Drone adoption at the BBC all began when Tom Hannen, senior innovation producer for BBC's global video unit, started watching YouTube videos of flying multicopters.
"Why doesn't the BBC do this?" he recalled saying to himself, at a recent Frontline Club event on the future of drones and journalism.
He convinced the BBC to fund a small drone video project, with an outside company. When that proved successful, he and another colleague public media corporation got the BBC to purchase its first drone.
"We took it out of the box and said 'we really need to learn more about this,'" Hannen said, adding that his colleague then built a drone from a kit to learn more about the technology.
"I think it's really important to know how these things work," he said.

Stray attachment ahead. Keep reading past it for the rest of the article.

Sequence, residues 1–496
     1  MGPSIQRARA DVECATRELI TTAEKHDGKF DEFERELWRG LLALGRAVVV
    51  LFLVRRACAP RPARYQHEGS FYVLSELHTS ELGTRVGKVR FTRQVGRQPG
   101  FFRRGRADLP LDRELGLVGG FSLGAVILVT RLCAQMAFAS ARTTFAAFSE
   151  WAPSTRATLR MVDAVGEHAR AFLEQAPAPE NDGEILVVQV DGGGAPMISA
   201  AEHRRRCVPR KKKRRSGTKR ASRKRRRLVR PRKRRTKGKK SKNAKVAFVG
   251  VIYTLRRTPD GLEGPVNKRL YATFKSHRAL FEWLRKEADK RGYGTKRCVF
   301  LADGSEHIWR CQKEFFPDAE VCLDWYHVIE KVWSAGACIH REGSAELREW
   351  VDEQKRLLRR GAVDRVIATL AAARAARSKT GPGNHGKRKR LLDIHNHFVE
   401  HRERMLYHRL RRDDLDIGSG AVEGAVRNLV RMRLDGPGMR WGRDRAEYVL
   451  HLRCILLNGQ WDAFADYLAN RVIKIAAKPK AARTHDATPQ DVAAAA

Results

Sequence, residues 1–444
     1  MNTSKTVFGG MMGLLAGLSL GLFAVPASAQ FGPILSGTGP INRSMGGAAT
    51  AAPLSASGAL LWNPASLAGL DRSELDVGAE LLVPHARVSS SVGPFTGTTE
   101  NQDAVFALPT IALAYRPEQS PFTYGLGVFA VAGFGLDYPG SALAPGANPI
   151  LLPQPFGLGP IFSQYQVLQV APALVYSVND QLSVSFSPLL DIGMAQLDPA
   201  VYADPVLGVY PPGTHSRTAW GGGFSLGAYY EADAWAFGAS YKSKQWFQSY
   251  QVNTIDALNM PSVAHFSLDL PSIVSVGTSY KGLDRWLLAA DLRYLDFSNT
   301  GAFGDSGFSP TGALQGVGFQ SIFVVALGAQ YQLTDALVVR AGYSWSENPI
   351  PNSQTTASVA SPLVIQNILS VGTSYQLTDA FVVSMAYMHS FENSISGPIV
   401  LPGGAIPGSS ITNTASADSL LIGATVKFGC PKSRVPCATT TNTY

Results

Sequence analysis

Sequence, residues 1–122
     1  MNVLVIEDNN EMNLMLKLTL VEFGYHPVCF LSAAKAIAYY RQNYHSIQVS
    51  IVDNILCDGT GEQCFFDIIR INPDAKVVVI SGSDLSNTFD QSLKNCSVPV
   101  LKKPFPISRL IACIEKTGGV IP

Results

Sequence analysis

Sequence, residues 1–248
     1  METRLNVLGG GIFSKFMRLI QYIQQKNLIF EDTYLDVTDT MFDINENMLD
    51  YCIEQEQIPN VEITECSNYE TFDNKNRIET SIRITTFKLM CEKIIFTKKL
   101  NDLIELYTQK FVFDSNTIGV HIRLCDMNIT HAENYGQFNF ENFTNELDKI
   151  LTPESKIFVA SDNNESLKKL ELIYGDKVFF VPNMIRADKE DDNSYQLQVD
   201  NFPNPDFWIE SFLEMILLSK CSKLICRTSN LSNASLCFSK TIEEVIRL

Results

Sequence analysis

Hannen's video unit at the BBC has been concentrating on filming out in the countryside, where there are few obstructions or restrictions. Agricultural and environmental stories are in the realm of possibilities now, but the technology is not quite ready for news gathering or live news coverage.
Hannen explained some of the BBC's equipment, and spoke alongside David Goldberg, a legal and regulatory specialist for Unmanned Experts, Professor Robert Picard, the director of research at Reuters Institute, University of Oxford, and Gerry Corbett of the Civil Aviation Authority’s (CAA) Safety and Airspace Regulation Group.
Richard Sambrook, professor of journalism and director at the Centre for Journalism, Cardiff University, chaired the event.
Video of the panel discussion is posted above. For more information about the event, Frontline Club has a summary.